God, I miss the good old days of the Super Bowl, when the hottest controversy was the post-game hand-wringing over how to spank CBS for subjecting America to Janet Jackson’s right boob. This year, the game-related hullabaloo centers not on the halftime spectacle but on the ads—specifically, a pro-life spot featuring the curious case of 2007 Heisman Trophy winner Tim Tebow. As the story goes, Pam and Bob Tebow were serving as Baptist missionaries in the Philippines when Pam was pregnant with Tim, their fifth child.
We are witnessing a major escalation of right-to-life opinion-mongering--and backlash against it--in the sporting world, thanks to an ad starring football idol Tim Tebow for James Dobson’s Focus on the Family. It will air during the Super Bowl. According to an AP sports article: The former Florida quarterback and his mother will appear in a 30-second commercial during the Super Bowl next month.
WASHINGTON--It is 2009's quiet story--quiet because it's about what didn't happen, which can be as important as what did. In this highly partisan year, we did not see a sharpening of the battles over religion and culture. Yes, we continued to fight over gay marriage, and arguments about abortion were a feature of the health care debate. But what's more striking is that other issues--notably economics and the role of government--trumped culture and religion in the public square.
In the wake of the display of craziness by Rep. Joe Wilson during the president’s health care speech, and the rather notable reluctance of Republicans to criticize him on substantive (as opposed to protocol) grounds, a perennial question arises: Do these conservative eruptions of extremism actually tilt the national political debate to the Right? This has long been a concern of progressives. Just this week Michelle Goldberg fretted: The marginalization of the left has its costs.
The Family Research Council’s Tony Perkins was gleeful after Richard Cizik, chief lobbyist of the 30-million member National Association of Evangelicals (NAE), was forced to resign on December 11. Perkins and other “family values” leaders had been trying to get rid of Cizik for two years, ever since he launched a campaign to add environmentalism to the evangelical “values” agenda. Though Cizik lost his job over comments endorsing civil unions, not because of his attention to what evangelicals call “creation care,” Perkins still claimed his ouster as a repudiation of the green agenda.
In many ways, it was your standard Democratic fund-raiser in a Republican stronghold. On a recent Friday, a largely bleeding-heart contingent from Maryland's first congressional district--professors from the nearby liberal arts college, a left-wing lobbyist, a Sears scion turned Obama donor, the president of an environmental foundation--holed up in a Patton Boggs lawyer's Eastern Shore home to give their earnest young congressional candidate, state prosecutor Frank Kratovil, a sympathetic pat on the back. But somebody there was not like most of the others.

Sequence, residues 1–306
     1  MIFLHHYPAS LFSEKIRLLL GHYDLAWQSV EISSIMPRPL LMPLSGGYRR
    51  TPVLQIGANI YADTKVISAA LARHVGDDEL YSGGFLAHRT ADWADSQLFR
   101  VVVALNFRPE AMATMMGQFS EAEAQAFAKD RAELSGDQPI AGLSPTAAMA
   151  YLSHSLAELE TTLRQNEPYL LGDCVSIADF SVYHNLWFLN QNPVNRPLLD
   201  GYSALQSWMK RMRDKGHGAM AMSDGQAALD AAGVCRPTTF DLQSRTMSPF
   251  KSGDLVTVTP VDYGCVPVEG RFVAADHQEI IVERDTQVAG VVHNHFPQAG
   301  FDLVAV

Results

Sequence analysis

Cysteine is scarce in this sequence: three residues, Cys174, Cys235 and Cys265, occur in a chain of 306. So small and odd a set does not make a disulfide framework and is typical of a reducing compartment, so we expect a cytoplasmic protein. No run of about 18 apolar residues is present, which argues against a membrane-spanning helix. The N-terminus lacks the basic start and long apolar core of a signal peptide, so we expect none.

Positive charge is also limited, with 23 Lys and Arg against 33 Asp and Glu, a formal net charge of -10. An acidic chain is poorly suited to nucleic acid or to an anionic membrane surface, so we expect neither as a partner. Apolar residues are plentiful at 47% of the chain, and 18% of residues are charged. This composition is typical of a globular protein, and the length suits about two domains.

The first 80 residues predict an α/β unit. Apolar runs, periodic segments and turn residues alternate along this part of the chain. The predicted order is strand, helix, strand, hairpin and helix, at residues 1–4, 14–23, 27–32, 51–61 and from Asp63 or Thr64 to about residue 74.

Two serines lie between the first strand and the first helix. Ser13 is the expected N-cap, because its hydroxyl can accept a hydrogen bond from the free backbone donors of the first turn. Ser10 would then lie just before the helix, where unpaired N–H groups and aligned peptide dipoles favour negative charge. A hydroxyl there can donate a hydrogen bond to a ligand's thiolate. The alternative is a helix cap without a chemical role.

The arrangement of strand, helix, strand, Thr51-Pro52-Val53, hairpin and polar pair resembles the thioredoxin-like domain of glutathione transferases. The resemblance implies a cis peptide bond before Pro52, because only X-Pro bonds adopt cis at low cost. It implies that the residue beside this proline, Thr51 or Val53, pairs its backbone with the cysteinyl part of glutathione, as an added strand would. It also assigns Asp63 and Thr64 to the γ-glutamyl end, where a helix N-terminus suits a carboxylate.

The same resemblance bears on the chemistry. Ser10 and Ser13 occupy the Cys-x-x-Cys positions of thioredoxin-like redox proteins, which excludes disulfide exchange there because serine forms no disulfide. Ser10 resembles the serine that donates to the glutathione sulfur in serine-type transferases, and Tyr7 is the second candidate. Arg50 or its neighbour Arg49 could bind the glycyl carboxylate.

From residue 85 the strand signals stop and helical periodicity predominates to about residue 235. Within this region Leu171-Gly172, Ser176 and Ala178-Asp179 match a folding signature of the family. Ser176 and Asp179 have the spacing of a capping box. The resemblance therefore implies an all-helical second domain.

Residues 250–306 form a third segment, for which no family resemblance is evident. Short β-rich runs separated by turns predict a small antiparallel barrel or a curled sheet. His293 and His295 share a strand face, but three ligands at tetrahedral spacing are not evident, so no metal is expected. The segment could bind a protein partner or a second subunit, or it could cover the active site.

It looks like the Family Research Council (FRC) has finally chosen a candidate. Just one month ago, on September 12, James Dobson's organization started a political action committee and pledged to spend a modest $250,000 backing "pro-family" congressional candidates--but not John McCain. At the time, FRC Action PAC President Tony Perkins had the following to say about the GOP nominee: "At this point, we do not plan on endorsing a presidential candidate or ticket. We're not a huge PAC yet and to make a dent, even, in that effort would take a lot of money. ...
"Speaking as a private individual, I would not vote for John McCain under any circumstances." -- James Dobson, founder of Focus on the Family, January 13, 2007 "I cannot and I will not vote for Sen. John McCain as a matter of conscience.... Should John McCain capture the nomination as many assume, I believe this general election will offer the worst choices for president in my lifetime.
Happily, James Dobson's political/theological arrogance has alienated some of his fellow Christians to the point that they are no longer staying silent. The WaPo has a fabulous tidbit today about how the Rev. Kirbyjon Caldwell, leader of the nation's largest Methodist congregation, this week launched a pro-Obama web site named James Dobson Doesn't Speak For Me. Taking aim at Dobson's recent assault on Obama's faith, the site asks visitors to sign a statement declaring that the oh-so-righteous Dobson does not represent their views.
It's hard to see James Dobson's broadside against Barack Obama today as anything but another sign of nervousness among conservative evangelical leaders that Obama may be poised to make inroads among their flocks. It's proximate cause, after all, was not an act of offense but one of outreach--specifically, an Obama aide's offer to visit Dobson's Focus on the Family at its Colorado Springs headquarters.